We are definitely a reward-based society. Every time we do something good, we want to be rewarded
or recognized. Nothing wrong with a reward, but let's save it for the big stuff, like finishing training for your first 5K race, crossing the finish line of a Marathon, or setting a new PR, not for finishing your Wednesday night workout.
We have all been guilty at times of using our "workout" as justification for having that treat. "Oh, I just worked out. Now I can have the beer, candy bar, triple chocolate brownie, sundae, or those fries....oh those fries."
Problem is the general public tends to way over estimate their calorie burn from a workout. To give you and idea of what I'm (male/5'6"/135lbs/50yrs old) actually burning in a typical 1-hour workout, check out the stats below:
Vigorous weight lifting = 372 calories
Circuit Training-Cross Fit = 518 calories
Vigorous Spinning Class = 696 calories
Running at a 10-min pace = 615 calories
Running at a 8:34-min pace = 704 calories
Keep in mind that the stats above are for 60 minutes of solid working out. Not one hour of doing some reps, talking with a friend, doing a few more reps, talking to another friend, and so on.
Big box gyms often come equipped with a smoothie or juice bar. Nothing wrong with that. I've even played around with the idea of offering them here at my fitness studio. Problem is, if you're not the one making the smoothie, you have no idea how many calories are going into that smoothie.
For example, Smoothie King's 20oz High Protein Chocolate Smoothie has 366 calories. So for my one hour of heavy weight lifting, I netted out with a burn of 6 calories, if I treat myself to this smoothie! BUT.....keep in mind ,the 20oz is their small. When I 've been at Smoothie King, I rarely see a person order a 20oz, unless it's for a kid. Usually patrons are ordering the 32oz or the 40oz. For that same Chocolate smoothie, the 32oz packs 549 cals and the 40oz packs a whopping 732 calories. So, if I ordered either of the 2 larger sizes, I've just taken in 177 or 360 more calories than I actually burned working out. Maybe if I had run for 60 mins the 20oz would be an appropriate refueling snack post workout. When I do my long 20+ milers, I make a pretty high calorie smoothie. I've burned about 2500 calories on the run and my smoothie that I make myself contains about 565 calories and is about 20oz.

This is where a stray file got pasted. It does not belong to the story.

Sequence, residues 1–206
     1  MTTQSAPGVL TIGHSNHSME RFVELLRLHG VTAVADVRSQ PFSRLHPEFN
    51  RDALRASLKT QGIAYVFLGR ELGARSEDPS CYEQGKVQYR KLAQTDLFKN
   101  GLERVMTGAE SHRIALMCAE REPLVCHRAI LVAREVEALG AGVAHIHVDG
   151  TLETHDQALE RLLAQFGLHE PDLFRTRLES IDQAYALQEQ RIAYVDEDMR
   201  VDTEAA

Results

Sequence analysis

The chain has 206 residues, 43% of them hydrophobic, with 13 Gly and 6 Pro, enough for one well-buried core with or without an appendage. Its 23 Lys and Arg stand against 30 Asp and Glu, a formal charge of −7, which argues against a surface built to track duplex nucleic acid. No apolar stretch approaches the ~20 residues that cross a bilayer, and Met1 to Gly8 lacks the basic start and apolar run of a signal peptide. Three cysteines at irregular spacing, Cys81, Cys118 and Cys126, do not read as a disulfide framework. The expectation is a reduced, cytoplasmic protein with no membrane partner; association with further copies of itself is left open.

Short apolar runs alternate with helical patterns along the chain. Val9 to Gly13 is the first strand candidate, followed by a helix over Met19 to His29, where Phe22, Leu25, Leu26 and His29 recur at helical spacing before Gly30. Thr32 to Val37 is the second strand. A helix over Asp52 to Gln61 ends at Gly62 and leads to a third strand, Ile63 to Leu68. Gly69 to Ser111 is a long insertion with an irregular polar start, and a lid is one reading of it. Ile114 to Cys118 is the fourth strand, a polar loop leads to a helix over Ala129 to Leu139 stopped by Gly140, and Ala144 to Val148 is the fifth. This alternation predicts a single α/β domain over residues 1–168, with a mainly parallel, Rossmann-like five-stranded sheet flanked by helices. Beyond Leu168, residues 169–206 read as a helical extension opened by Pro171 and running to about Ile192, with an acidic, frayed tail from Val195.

You can quickly see if you're not aware of how many calories your burning and what you're treating yourself with post workout, you may just be sabotaging all your hard work. Now I'm not trying to make Smoothie King or any smoothie shop the bad guy. They have a product to sell and for the most part it's a good product. I've never been in a Smoothie King where they've tried to push the 40oz "The Hulk" strawberry smoothie with 1928 calories on me. It's up to me as the consumer to know what I'm eating or drinking.
So how much should you eat after a run? In her book, Food Guide for Marathoners, sports nutrition guru, Nancy Clark recommends you take in 200-400calories comprised of about 50-100g of carbs and about 10g of protein within an hour of running. I tell my runners to try and get it in within 30 mins of completing their run. Now keep in mind the range of 200-400 calories. 400 calories is more appropriate following a really hard speed workout or long run, while 200 calories is more appropriate following an easy run. My smoothie is a little more than the 400 calorie limit, but like I mentioned earlier, I only drink that after a 20+ mile run. Twelve ounces of 1% chocolate milk has 240 calories and 16g of protein. making it a perfect post-run recovery snack for a shorter less intense run. Other good options include Greek or traditional yogurt with added fruit, a bagel with peanut butter, an energy bar (be sure to read the label for calorie and carb/protein content), a peanut butter and banana sandwich, spaghetti with meat sauce, or a turkey sandwich, etc.
Celebrate the small gains you make in your fitness and running with the satisfaction of a job well done, and save those "treats" for the big long-term accomplishments. Save those extra calories for that celebratory victory meal with your friends and family.